Significant Sleep Dysregulation in a Toddler With Developmental Delay


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Abstract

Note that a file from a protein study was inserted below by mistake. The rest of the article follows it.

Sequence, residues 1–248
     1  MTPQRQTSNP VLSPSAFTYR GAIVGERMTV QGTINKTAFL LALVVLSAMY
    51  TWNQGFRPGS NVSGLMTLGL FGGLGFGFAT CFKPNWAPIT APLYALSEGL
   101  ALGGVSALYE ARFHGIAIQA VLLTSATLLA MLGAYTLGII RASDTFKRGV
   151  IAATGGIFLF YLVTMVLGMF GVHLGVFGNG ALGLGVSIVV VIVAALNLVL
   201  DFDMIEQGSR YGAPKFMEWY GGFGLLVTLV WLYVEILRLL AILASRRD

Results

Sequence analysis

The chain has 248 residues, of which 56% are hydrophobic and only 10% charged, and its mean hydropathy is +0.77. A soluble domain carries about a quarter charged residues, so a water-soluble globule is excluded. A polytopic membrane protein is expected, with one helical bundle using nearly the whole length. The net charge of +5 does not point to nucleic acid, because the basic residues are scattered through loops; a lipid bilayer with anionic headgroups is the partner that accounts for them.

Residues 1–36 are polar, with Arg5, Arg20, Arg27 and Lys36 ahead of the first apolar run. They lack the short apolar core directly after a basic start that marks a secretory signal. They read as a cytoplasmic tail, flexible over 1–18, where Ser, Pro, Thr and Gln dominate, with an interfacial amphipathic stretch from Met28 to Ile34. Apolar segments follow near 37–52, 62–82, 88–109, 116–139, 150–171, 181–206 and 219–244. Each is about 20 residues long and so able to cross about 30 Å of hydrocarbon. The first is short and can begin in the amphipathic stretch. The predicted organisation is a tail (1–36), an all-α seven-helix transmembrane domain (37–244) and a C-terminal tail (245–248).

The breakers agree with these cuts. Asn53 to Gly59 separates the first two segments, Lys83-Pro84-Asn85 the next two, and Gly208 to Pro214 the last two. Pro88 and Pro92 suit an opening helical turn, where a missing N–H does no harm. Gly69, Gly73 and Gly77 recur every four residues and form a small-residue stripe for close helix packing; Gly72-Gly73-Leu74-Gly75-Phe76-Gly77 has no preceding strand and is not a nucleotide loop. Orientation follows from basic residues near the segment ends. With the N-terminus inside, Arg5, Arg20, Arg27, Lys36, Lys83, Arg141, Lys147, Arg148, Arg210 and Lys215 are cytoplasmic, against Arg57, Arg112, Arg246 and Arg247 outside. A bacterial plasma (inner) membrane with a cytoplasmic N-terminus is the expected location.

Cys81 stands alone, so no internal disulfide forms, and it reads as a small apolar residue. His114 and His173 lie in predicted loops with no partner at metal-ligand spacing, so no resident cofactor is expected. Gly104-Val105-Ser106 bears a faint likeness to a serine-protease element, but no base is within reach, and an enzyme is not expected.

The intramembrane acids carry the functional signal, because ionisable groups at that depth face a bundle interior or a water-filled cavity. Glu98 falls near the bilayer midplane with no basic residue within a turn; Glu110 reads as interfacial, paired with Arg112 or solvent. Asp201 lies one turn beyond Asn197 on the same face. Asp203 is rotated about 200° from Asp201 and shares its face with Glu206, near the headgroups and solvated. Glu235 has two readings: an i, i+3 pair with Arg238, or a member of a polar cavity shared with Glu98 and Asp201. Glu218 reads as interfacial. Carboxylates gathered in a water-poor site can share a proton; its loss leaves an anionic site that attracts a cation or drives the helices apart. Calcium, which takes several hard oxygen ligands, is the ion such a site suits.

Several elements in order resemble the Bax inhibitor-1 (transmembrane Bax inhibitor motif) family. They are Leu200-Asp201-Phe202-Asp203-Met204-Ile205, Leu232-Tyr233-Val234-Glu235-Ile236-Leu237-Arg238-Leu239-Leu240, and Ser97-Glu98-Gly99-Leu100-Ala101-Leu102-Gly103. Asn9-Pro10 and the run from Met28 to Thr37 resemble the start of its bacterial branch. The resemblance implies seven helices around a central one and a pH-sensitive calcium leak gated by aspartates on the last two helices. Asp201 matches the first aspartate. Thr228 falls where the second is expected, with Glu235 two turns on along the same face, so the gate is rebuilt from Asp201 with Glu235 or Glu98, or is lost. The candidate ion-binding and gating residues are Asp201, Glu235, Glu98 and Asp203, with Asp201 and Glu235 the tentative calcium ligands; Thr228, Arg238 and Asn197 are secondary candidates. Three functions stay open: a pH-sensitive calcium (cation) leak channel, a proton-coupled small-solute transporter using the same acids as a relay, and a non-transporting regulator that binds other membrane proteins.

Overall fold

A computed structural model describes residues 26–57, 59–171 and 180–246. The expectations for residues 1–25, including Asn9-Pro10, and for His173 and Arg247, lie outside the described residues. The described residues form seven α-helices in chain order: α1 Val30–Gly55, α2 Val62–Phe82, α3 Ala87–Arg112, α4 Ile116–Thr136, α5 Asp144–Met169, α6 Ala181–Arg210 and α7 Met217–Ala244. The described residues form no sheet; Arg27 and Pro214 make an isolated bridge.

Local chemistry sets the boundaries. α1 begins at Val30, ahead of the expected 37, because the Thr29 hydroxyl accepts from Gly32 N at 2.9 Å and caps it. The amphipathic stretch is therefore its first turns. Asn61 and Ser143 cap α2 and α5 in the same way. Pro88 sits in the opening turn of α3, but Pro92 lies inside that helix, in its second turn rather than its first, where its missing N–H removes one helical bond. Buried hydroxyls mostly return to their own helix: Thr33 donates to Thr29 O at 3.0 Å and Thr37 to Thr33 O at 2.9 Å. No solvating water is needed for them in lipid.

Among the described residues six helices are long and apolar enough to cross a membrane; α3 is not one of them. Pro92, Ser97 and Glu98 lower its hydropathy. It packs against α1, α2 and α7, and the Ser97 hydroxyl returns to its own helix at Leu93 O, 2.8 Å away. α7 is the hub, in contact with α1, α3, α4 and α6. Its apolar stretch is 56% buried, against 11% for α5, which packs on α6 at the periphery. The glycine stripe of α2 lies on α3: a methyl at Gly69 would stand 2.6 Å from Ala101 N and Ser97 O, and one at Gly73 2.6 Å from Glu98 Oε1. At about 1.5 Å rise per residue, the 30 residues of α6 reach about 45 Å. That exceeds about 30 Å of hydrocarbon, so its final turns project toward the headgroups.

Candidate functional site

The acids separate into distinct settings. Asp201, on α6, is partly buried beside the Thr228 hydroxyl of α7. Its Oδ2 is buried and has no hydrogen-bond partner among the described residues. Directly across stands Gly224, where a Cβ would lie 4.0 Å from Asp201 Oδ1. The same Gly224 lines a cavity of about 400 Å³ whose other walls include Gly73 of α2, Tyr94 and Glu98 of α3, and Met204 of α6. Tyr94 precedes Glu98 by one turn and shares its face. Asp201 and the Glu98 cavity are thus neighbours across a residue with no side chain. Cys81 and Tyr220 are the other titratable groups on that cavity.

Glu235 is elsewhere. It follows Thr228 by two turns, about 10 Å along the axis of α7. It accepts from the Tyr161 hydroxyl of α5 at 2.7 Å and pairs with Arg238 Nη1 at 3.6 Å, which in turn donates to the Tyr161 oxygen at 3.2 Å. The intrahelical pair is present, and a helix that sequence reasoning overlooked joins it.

CASE:Derrick's parents made an appointment with a new pediatrician for a second opinion about disordered sleep. Now 22-months old, he was evaluated at 18 months of age for developmental delay when he was found to have “a regulatory disorder associated with delays in language and motor development, hypotonia and significant sleep problems.” The parents are now most concerned about his sleeping pattern. Prolonged sleep onset and frequent night awaking occur each night since 6-months of age. These problems are more severe in the past few months when he awakes screaming and cannot be settled. The awakening episodes occur 2 to 4 times each night when “he screams and thrashes his body for up to an hour.” Daytime tantrums increased. After the parents read a book about sleep in young children, they provided a calm atmosphere at bedtime including a dark room and singing a quiet lullaby. When these changes did not alter sleep, they purchased a vibrating mattress which was also unsuccessful.Derrick was born full term after an uncomplicated prenatal and perinatal course. He sat at 10 months, crawled at 12 months, and walked at 18 months. He currently drinks from a sippy cup and he can use a utensil to eat. He has few words saying only “no” and “mama” in the past month. Imitation of some words occurred recently. He has responded to simple directions in the past 2 months. Derrick passed the newborn audiology screen. He does not have difficulty swallowing and he does not drool. He plays with many different toys and he plays in parallel with his older brother who also experienced delays in motor and language development. His brother is now doing very well in school. There is no family history of cognitive delay, seizure disorder, cerebral palsy, early developmental delay (other than the brother) or a significant sleep problem.Physical examination: head circumference, length and weight (75th percentile). He had mild generalized hypotonia, mild weakness, 2+ symmetrical deep tendon reflexes, and absence of ankle clonus. His gait was slightly wide based, steady, and without a limp. Neither ataxia nor drooling was observed. He was easily engaged in play with the examiner without evidence of irritability. The remainder of the examination was normal.

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